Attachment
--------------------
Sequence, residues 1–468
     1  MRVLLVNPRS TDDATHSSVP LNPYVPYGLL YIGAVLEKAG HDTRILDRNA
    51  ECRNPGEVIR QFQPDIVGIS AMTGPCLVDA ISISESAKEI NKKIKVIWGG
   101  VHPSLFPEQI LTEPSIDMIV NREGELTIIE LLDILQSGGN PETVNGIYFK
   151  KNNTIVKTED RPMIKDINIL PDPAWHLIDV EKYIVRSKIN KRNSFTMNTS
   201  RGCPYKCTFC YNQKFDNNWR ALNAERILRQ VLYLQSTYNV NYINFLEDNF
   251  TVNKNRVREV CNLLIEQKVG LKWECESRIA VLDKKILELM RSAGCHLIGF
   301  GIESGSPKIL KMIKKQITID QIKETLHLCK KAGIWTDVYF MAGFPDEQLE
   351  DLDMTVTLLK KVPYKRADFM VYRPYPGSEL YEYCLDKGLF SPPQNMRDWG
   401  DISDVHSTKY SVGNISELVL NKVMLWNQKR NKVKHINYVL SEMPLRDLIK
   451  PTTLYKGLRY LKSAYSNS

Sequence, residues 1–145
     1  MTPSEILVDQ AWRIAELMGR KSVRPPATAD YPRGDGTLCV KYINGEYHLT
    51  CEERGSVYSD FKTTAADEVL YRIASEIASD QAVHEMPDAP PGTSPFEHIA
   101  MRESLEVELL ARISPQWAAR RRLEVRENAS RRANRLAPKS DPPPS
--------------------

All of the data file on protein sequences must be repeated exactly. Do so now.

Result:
Sequence, residues 1–468
     1  MRVLLVNPRS TDDATHSSVP LNPYVPYGLL YIGAVLEKAG HDTRILDRNA
    51  ECRNPGEVIR QFQPDIVGIS AMTGPCLVDA ISISESAKEI NKKIKVIWGG
   101  VHPSLFPEQI LTEPSIDMIV NREGELTIIE LLDILQSGGN PETVNGIYFK
   151  KNNTIVKTED RPMIKDINIL PDPAWHLIDV EKYIVRSKIN KRNSFTMNTS
   201  RGCPYKCTFC YNQKFDNNWR ALNAERILRQ VLYLQSTYNV NYINFLEDNF
   251  TVNKNRVREV CNLLIEQKVG LKWECESRIA VLDKKILELM RSAGCHLIGF
   301  GIESGSPKIL KMIKKQITID QIKETLHLCK KAGIWTDVYF MAGFPDEQLE
   351  DLDMTVTLLK KVPYKRADFM VYRPYPGSEL YEYCLDKGLF SPPQNMRDWG
   401  DISDVHSTKY SVGNISELVL NKVMLWNQKR NKVKHINYVL SEMPLRDLIK
   451  PTTLYKGLRY LKSAYSNS

Sequence, residues 1–145
     1  MTPSEILVDQ AWRIAELMGR KSVRPPATAD YPRGDGTLCV KYINGEYHLT
    51  CEERGSVYSD FKTTAADEVL YRIASEIASD QAVHEMPDAP PGTSPFEHIA
   101  MRESLEVELL ARISPQWAAR RRLEVRENAS RRANRLAPKS DPPPS